Hat tip to Kevin Drum for the link and the Jungle reference (and it definitely has the Jungle vibe). Tod Kelly writes this juicy piece for The League of Ordinary Gentleman, chronicling a time when he advised a nursery company experiencing an unusually large number of workers comp. claims. Toward the end of a seemingly productive meeting with the nursery owners, this happened:
As we were wrapping up, as an aside, we noted that one of their larger ongoing back injury claimants was an illegal alien. We could close that claim out quickly, we told them, by letting the injured worker know that we would have light duty work for him were he able to legally work for the nursery. Since he wasn’t able, he could be terminated and all future indemnity costs would disappear. As soon as we explained this, the brothers began looking at each other, wide eyed and smiling. I cringed inwardly. I knew we had just made a mistake.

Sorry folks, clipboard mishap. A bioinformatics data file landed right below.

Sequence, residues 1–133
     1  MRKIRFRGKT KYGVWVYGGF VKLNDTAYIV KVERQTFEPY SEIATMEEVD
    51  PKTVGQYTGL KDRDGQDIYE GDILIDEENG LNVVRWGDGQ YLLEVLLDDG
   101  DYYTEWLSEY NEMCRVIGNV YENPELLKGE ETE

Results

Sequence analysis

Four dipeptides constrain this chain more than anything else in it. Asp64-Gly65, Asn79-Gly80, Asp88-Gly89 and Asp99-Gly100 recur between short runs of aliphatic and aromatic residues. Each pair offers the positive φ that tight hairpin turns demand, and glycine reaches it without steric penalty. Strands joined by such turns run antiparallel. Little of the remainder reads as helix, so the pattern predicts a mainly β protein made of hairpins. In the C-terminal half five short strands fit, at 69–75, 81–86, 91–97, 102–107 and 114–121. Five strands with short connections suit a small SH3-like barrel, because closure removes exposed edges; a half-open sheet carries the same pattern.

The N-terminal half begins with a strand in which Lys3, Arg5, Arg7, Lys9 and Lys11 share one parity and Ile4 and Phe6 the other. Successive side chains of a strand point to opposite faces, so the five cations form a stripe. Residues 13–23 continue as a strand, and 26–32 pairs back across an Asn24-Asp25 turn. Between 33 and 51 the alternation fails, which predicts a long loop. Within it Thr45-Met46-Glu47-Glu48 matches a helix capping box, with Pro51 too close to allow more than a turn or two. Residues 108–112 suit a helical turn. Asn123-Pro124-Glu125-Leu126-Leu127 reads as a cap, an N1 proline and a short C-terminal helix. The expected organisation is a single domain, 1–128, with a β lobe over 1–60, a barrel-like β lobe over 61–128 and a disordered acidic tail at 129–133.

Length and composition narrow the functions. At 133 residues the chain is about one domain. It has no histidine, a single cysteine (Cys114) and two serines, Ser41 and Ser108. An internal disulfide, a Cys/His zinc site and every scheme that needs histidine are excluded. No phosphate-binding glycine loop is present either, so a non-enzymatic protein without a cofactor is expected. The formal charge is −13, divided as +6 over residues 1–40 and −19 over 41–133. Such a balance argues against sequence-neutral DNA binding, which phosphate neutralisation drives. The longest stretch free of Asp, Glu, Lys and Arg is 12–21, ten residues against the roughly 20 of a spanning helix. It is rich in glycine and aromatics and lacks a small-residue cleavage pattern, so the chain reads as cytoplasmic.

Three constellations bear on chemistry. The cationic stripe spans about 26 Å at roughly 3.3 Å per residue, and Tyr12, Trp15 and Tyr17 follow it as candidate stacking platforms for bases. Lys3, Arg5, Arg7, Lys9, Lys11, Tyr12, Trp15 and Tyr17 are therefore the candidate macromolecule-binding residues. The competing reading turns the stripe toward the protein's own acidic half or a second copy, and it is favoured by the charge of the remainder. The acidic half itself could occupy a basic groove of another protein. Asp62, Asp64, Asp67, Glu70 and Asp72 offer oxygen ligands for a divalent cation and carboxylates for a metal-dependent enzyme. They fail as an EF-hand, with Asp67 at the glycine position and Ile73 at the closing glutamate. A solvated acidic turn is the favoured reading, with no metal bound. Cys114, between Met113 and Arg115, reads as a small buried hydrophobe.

The updated equipment was never purchased, of course. And taking the time to train or stretch was seen as a waste of the company’s time and money. The claims continued to flood in, but now with each claim came notification from the employer that they had “reason to suspect” the claimant was an illegal worker, along with a request to send the light-duty letter so we could avoid making indemnity payments. Over the course of the next year the number of employee injuries increased 20%. But without indemnity costs their annual claims cost decreased 55% – and their insurance premiums went down as a result. They were able to terminate our services the next year with a glowing letter of recommendation.
People immigrant here illegally (or legally, then stay past their visa time) because their type of labor is in demand. This demand comes from businesses willing to take advantage of their residency status to pay depressed wages and provide inadequate work environments. I can’t imagine this is a particularly new phenomenon, nor do I imagine that implementing strict supply-side restrictions is a panacea for business. So by default I’m left with thinking that until you approach both supply (immigrants) and demand (business) side issues (preferably concurrently) then stories like these will continue to merit Upton Sinclair comparisons.